I’m currently sitting in the Dallas-Fort Worth International Airport, after clearing security and checking my bag in an unprecedented 15 minutes. Thank you to my intensely prepared mother for allowing me time to blog, wander the terminal, catch up on every episode released in the 6 seasons of Game of Thrones, and nap for an hour before the flight begins boarding. But as I relax before heading to Lima (and then connect on a quick flight to Cuzco), I began reflecting on one question that the application to this program asked: why would you like to work in Cuzco specifically? I felt confident in that answer when I first formed it and wrote it down. But I’m coming to realize as I sit in this airport that I don’t, in fact, no much about the city in which I’m about to spend 2 months.


I don’t fault myself for not truly knowing about the city I am working in, because it’s nearly impossibly to without having been there. So as I sit here and think about where I will be living, the only descriptions that come to mind are mere facts about the city: it is in high elevation, it has a festival called Corpus Christi during May that is a celebration, it is located near ruins of an ancient Incan empire because it used to be the religious and administrative hub of that empire. And I can make inferences about what Cuzco means to Peruvians because of its geography and history, but I truly don’t have a clue as to how residents of Cuzco and residents of Peru interact with this city, and that is the crux of knowing a city.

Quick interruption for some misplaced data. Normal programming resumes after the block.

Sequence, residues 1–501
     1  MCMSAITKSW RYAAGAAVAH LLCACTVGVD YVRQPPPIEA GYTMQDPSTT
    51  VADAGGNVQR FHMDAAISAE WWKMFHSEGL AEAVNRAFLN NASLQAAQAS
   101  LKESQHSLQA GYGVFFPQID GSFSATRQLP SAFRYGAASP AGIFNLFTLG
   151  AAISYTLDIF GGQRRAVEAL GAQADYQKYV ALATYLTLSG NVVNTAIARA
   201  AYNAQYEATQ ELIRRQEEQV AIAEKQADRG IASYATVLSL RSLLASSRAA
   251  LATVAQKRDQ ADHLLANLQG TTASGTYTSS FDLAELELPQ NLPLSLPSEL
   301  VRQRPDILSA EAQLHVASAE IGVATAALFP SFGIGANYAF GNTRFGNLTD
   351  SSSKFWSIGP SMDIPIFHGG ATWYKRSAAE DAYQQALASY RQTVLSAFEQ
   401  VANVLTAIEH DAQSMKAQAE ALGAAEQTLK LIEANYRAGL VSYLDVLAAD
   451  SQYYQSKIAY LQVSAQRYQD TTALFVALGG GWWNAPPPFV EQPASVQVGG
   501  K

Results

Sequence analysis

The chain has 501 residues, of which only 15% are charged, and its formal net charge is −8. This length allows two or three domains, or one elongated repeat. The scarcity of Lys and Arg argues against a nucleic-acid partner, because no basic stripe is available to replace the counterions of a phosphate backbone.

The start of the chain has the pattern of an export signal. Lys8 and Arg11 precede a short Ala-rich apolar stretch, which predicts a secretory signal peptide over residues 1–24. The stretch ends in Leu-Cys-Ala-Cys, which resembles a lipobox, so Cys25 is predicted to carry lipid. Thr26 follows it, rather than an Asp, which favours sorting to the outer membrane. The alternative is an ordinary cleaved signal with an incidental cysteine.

I grew up in Dallas (evident by the airport I’m leaving from). Dallas is sprawling and surprisingly diverse. There is quintessential US suburbia, and dense apartment living above lively bars and grungy burger joints. There are residents of Dallas who never venture into downtown, and others who rarely make it out. So rather than the image that Dallas may project of stuck up wealth, the way that various residents interact with the city has given me a more thorough idea of its identity. And growing up, I could interact with the parts of Dallas I found interesting.


My point is ultimately that the facts I’ve accumulated and excerpts I’ve read about the city in which I will be living, may inform or belie ultimately how I see it. I obviously want to interact with the city in a way that suits me (and pushes my comfort zone as well). But the reality is that I simply don’t know enough about the city yet to feel comfortable. And I’m just now coming to see the reality of my situation when days and months before I’ve done a good job of convincing myself I feel totally comfortable moving into a foreign place.


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